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Tuesday, June 3, 2008

Classical Review

I have thought about violinist Hilary Hahn more than any other musician who works the concerto circuit. She has played here often, nearly every season for many years now, returning last weekend to play with the Milwaukee Symphony Orchestra. I certainly am intrigued by her phenomenal technique and the clarity of her musicality. Beyond that, she has a mystery about her that I find both fascinating and frustrating. I never feel as if I know her when she leaves the stage. At 28 this formerly waifish prodigy now understandably wants to be seen as a young woman. One only needed to look at her concert dress, black and decidedly adult, with a plunging neckline, to get the message. Hahn played the iconic Tchaikovsky Violin Concerto, which she is performing with several orchestras through the coming fall . . .
Tuesday, June 3, 2008

Classical Preview

“Fate blessed him when he was baptized with the perfect name—Felix,” said Robert Schumann when describing fellow composer Felix Mendelssohn (1809-47). Mendelssohn grew up in the midst of wealth and calm, and to a great extent his music reflects a Romantic spirit, but also great emotional tranquility. Few think him innovative, yet to a large degree Mendelssohn is to be credited with saving the piano concerto from being snuffed out. By 1830, composers like Hummel, Thalberg and Moscheles had brought the piano concerto to something of an artistic dead end, but Mendelssohn, sensing the crisis, drafted his own such effort in 1831, managing therein to breathe new life into a moribund musical genre.
Friday, May 23, 2008

Tonight @ the Marcus Center - 8 p.m.

When Johann Sebastian Bach set himself to work on a new composition, it was normally just a matter of days, at most a week or two, before it was finished. Such was certainly not the case with his Mass in B Minor, BWV 232. The fourth part (Sanctus) dates from 1724; the first two parts (Kyrie and Gloria) were completed . . .
Tuesday, April 15, 2008

Classical Preview

This weekend, concertgoers will get a peek into the future with a performance by conductor Edo de Waart, music director designate of the Milwaukee Symphony Orchestra. The concert’s first half consists of a work called In Praise of Music by Pennsylvania native Dominick Argento (b. 1927). Typical of many 20th-century composers, his style reflects many influences—tonality, atonality, 12-tone method—but never became “avant-garde,” unlike several of his postwar contemporaries.
Tuesday, April 8, 2008

Classical Review

Classical music is as much about acoustics and a sympathetic atmosphere as it is about literature and performance. I recently attended a Vienna Philharmonic concert in the famous Musikverein, a marvel of a Viennese concert hall. The warmth and intimacy of that great space leaves most modern halls, such as our Uihlein Hall, feeling vast and cold. What would our very good Milwaukee Symphony Orchestra—and its anonymous and coughing audience in the spacious dark—become in a better space? The sudden burst of spring weather matched the theme of the MSO concert last weekend. Andreas Delfs led Beethoven Symphony No. 6 (“Pastoral”), which began with restraint in its first movement, certainly pastoral in spirit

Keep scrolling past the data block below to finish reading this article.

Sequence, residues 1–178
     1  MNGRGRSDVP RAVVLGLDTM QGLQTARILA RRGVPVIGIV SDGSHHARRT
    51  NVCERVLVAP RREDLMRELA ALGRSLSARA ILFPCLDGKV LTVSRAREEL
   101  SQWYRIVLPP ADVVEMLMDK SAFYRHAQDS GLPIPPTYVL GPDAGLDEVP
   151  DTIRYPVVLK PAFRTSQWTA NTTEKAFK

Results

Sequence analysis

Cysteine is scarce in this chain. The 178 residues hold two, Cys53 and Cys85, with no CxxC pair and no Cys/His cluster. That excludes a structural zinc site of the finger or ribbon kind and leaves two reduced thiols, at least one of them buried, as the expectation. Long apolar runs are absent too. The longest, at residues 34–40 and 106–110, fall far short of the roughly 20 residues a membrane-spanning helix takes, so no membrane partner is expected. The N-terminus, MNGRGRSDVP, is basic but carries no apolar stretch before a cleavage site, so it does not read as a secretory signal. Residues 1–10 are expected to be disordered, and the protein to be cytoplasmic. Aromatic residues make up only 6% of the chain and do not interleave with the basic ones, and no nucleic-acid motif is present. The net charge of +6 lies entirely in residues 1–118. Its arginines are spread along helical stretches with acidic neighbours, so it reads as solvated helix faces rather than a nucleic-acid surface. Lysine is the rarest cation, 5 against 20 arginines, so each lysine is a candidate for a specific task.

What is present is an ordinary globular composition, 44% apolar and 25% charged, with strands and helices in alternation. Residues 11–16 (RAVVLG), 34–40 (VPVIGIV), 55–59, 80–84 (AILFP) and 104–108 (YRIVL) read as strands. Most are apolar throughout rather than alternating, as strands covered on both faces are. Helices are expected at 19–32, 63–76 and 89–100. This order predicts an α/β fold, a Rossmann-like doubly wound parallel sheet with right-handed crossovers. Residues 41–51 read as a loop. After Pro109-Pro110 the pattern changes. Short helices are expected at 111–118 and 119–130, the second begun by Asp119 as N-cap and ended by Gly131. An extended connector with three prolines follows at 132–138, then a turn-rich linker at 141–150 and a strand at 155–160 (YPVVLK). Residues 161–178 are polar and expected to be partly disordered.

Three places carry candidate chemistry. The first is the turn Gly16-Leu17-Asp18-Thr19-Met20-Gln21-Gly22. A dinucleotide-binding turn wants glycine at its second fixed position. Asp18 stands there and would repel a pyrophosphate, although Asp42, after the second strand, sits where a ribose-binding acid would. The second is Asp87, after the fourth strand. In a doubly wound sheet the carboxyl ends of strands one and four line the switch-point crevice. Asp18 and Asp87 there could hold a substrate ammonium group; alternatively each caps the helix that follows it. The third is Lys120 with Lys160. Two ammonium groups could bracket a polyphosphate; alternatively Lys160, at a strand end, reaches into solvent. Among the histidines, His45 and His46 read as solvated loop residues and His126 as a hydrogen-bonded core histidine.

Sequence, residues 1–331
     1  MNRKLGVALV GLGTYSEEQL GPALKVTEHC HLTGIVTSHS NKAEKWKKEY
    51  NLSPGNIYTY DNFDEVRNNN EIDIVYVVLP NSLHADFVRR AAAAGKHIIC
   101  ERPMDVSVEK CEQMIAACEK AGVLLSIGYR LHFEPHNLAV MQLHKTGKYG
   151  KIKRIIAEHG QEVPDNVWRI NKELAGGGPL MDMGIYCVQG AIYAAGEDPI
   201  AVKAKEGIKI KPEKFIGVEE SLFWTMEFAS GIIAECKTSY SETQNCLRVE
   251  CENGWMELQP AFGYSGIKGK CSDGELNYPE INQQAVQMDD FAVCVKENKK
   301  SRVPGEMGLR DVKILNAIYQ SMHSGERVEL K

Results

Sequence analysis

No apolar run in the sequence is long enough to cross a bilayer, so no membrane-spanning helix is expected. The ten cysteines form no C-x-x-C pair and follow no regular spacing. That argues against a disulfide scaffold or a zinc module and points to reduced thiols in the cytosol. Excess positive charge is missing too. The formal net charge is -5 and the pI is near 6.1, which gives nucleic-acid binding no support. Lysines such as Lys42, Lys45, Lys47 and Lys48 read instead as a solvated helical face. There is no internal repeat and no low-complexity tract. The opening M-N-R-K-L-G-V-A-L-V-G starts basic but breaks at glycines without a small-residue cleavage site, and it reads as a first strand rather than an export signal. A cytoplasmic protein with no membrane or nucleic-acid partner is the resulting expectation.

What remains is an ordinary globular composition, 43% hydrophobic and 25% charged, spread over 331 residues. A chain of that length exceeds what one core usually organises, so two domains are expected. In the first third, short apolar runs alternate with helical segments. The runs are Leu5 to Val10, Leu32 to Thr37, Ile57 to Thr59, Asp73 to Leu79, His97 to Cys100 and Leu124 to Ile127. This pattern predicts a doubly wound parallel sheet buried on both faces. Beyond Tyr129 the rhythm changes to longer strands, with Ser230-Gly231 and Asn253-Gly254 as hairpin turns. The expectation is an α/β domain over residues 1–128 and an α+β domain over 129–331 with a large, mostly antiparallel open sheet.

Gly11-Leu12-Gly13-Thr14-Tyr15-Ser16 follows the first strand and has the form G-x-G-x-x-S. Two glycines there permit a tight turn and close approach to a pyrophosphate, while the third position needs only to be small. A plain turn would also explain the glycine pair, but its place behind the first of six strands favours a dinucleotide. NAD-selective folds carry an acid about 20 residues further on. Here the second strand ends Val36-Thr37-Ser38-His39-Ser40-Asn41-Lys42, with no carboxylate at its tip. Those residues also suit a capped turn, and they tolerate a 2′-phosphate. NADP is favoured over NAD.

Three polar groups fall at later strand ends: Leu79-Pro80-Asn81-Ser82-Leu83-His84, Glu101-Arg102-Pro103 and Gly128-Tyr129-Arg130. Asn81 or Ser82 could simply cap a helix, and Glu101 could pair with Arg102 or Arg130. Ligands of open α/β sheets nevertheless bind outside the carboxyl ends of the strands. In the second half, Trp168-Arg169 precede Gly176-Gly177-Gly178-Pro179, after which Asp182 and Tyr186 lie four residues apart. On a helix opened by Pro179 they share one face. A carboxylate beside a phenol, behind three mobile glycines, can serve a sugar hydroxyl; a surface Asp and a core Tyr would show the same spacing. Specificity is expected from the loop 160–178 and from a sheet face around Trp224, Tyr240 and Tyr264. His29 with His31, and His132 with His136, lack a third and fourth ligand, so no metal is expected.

Friday, March 14, 2008

Tonight @ Uihlein Hall - 8:00 PM

After a career’s worth of notable hits and memorable tunes, piano man Randy Newman settled into a lucrative niche a decade ago as the resident soundtrack man for Disney/Pixar, snagging several Golden Globe and Academy Awards in the process. Since his 1999 album Bad Love, Newman’s only fresh output has been . . .
Wednesday, March 12, 2008

This Week in Milwaukee

As riotous as his altercations with the (often bumbling) law were in his classic stoner comedies with Cheech Marin, there was nothing funny about Tommy Chong’s real life run-in with the authorities. In 2003, Chong was sentenced to nine months in jail for financing a business that sold drug paraphernalia—
Saturday, March 1, 2008

Tonight @ the Riverside Theater - 8:00 PM

Lending an air of sophistication—or at least extravagant novelty—to well-known video game scores, Video Games Live is an interactive experience complete with light shows and live-action performances. This 8 p.m. Milwaukee Symphony Orchestra performance tonight will rely heavily on familiar themes from Super Mario . . .
Wednesday, Feb. 27, 2008

Classical Preview

It was not false modesty that prompted Giuseppe Verdi (1813-1901) to write to thenfamous singer Maria Waldmann, inviting her to participate in the premiere of his 1883 Messa da Requiem. “You would gain neither reputation nor money from it,” he wrote, continuing that the work’s main attribute was simply that it commemorated a great man. It might, Verdi added, “make history,” not due to “the merit of the music but because of the man to whom it is dedicated.” One supposes he had reason to doubt its lasting value, given its difficult birth. The piece had originally been conceived as a requiem mass to be performed on the first anniversary of the death of the Italian opera master Gioacchino Rossini—a work to be contributed to by several different composers. Verdi wrote a “Libera me” portion for this work, but it just never came off.
Sunday, Feb. 3, 2008

Today @ the Marcus Center - 2:30 PM

The Preservation Hall Jazz Band have cemented themselves as the torchbearers of the Big Easy’s entire jazz heritage. It’s no small burden, but the ambassadors represent their city well, laying down festive, old-timey jazz as well as bone-chilling funeral dirges that have taken on newfound gravity since . . .